Bruce Nauman: Endurance Act

Ever since the emergence of the avant-garde in the 19th century, artists have taken creative risks, explored unknown territories, thrust us out of our comfort zones, and upset the status quo. No American artist, however, has used a more wildly eclectic range of methods, materials, images, and ideas than Bruce Nauman to answer the question, “Can this, too, be art?” His will to experiment has earned him ardent admirers from the get-go and, I suspect, just as many detractors—even within the world of culture, only that which conforms to prevailing standards garners majority approval. 

Nauman’s 2018–19 exhibition at PS1 and the Museum of Modern Art was only his second New York retrospective in the past quarter-century. “Disappearing Acts,” with its emphasis on drawings and works produced before 1970, differed in mood, content, and organization from the stunning and raucous traveling retrospective of 1993–95. Only a small percentage of the featured works dated from the past 25 years, perhaps because many of the recent works rehash problems already explored years earlier. But perhaps that doesn’t matter; Nauman’s importance and influence have not subsided. 

What strikes at the outset is Nauman’s early determination to bypass painting in an effort to produce decidedly challenging work, first in sculpture, and subsequently, in other fields. By the early 1950s, painting had made New York City the center of the contemporary art world, and by the mid-’60s, painters still outnumbered sculptors by a considerable margin. Nauman applied to graduate school as a painter in 1964 and produced his last (abstract) painting the following year. Did painting appear exhausted to him? Did the possibilities within the relatively neglected area of sculpture seem vaster? Did he feel that he was not much good at painting or that he could not express what he needed to say within its scope? Duchamp—who garnered renewed attention in the ’60s, and whom Nauman admired—had abandoned painting after practicing it, with mixed results, for two decades. The point is that it takes considerable nerve for an emerging artist to turn his back on the medium of painting as categorically as Nauman did, when he did it.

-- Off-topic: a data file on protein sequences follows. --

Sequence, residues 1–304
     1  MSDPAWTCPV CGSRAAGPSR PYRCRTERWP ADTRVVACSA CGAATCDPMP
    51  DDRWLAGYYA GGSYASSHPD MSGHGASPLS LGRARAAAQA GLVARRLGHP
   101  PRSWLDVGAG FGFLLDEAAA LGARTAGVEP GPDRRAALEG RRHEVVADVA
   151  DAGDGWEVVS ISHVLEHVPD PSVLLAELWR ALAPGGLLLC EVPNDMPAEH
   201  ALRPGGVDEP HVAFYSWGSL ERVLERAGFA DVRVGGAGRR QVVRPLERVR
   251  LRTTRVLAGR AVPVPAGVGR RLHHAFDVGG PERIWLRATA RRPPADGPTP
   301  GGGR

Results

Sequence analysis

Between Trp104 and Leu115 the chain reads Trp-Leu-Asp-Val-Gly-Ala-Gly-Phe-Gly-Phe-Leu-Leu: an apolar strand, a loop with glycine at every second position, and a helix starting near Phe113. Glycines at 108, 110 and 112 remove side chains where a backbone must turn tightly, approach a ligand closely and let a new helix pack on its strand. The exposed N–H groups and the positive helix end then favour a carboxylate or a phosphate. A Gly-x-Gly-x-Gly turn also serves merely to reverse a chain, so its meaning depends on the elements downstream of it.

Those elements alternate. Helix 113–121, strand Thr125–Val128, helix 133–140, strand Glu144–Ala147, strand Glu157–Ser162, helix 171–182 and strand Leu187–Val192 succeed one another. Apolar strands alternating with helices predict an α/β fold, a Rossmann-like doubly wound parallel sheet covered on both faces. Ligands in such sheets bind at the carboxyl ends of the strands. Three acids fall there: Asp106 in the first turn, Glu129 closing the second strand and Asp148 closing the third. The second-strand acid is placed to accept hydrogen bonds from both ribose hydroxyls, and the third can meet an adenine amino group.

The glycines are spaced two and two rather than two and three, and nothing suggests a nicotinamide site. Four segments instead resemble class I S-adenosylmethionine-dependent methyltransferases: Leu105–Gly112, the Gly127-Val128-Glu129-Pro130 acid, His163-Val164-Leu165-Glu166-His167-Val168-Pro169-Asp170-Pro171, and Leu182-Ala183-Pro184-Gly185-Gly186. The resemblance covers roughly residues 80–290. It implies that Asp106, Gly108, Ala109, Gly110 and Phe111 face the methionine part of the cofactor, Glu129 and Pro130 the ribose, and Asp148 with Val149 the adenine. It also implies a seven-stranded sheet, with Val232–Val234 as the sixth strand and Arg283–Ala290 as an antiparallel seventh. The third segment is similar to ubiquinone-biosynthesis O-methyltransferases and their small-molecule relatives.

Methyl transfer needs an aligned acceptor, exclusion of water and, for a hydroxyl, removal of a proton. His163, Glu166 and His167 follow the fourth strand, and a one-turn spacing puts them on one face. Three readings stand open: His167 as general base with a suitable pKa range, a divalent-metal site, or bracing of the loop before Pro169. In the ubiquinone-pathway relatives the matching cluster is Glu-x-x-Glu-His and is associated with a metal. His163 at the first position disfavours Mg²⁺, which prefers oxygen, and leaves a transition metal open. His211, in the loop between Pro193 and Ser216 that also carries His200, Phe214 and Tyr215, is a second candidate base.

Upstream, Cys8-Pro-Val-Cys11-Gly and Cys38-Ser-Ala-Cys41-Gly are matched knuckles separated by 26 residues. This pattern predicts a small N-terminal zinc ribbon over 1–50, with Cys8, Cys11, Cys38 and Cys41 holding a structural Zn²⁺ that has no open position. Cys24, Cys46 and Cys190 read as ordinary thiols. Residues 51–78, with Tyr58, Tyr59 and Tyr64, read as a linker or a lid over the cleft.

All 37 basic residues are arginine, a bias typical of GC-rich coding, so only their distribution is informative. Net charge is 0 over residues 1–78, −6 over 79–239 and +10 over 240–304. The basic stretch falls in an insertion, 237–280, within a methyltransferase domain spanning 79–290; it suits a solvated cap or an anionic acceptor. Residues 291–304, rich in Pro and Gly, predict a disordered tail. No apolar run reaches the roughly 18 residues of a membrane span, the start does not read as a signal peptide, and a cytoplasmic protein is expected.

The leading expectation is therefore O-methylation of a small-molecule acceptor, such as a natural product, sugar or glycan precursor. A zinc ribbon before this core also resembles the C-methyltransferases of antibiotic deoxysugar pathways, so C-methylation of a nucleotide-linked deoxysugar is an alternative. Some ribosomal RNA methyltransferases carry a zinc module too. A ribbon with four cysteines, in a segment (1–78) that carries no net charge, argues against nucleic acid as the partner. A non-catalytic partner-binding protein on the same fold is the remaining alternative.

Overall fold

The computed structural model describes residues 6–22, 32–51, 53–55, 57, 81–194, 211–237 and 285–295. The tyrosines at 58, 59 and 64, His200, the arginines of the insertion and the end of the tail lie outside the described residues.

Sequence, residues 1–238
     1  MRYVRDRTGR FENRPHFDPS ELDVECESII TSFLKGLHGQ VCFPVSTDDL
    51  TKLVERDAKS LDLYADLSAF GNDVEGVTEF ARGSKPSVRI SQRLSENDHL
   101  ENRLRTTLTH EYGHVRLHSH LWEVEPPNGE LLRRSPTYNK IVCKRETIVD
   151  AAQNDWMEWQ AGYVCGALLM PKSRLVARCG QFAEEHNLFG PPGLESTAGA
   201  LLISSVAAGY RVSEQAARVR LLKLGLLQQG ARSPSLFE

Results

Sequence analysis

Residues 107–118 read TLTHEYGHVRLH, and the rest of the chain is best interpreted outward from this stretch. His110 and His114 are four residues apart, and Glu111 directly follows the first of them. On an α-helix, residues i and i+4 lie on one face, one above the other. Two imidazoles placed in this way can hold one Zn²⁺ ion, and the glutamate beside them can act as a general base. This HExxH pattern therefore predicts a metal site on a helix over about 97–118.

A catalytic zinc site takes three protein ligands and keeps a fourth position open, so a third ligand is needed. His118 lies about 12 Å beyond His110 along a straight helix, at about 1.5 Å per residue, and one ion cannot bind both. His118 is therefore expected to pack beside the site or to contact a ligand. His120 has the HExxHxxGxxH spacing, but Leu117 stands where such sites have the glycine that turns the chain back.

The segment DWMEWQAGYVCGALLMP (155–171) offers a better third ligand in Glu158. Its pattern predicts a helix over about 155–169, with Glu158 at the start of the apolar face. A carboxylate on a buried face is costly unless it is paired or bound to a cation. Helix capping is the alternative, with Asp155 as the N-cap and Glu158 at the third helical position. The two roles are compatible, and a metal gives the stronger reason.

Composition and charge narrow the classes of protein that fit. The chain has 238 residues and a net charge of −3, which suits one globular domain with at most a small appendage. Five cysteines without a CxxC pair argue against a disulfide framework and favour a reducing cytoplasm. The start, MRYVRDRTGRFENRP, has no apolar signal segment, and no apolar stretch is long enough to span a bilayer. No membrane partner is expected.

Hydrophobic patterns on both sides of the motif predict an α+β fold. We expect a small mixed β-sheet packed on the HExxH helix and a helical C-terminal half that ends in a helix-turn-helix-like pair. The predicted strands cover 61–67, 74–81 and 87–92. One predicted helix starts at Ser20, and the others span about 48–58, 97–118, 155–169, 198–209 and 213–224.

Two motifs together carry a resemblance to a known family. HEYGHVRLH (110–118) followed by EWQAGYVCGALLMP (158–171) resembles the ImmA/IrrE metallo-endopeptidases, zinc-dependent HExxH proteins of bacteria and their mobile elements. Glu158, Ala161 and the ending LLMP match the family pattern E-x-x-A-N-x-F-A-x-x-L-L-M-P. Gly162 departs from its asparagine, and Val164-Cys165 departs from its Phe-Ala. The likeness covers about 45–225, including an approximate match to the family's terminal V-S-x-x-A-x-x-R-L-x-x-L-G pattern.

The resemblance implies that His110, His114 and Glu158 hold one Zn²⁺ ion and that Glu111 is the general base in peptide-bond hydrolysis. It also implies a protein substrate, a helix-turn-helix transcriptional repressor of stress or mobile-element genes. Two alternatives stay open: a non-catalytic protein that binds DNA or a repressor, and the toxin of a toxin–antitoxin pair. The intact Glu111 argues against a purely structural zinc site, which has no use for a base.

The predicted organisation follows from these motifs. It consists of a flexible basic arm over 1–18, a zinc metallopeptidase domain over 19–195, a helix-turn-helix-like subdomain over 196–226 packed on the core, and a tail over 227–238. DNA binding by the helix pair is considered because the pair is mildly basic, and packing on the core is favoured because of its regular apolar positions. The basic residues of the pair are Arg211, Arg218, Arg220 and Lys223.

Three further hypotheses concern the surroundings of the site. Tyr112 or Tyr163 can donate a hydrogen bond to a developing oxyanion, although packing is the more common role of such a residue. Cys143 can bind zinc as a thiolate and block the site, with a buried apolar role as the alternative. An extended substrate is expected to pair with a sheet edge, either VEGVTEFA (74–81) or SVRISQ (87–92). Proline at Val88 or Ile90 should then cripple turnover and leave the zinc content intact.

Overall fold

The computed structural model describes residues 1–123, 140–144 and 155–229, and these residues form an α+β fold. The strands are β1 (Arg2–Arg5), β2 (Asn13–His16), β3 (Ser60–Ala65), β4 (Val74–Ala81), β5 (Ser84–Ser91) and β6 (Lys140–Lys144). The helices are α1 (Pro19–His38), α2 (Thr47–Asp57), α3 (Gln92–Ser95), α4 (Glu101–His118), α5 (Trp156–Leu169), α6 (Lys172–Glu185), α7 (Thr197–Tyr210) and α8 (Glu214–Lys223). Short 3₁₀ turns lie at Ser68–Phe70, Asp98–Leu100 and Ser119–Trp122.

Only one (untitled) painting, an abstract oil of 1964–65 (San Francisco Museum of Modern Art) unusual for its shaped canvas, was included in Nauman’s retrospective. The earliest work on display, it consists of a narrow vertical surface that veers at the top toward the right, before stopping. Two thick brown, parallel lines—dark brown on the left, and light brown on the right—run side by side down the entire length of the canvas, against a dark blue foil, to obtain four lanes of equal width. Because the object is very narrow, the depth of the stretchers stands out, thereby moving it toward the realm of sculpture.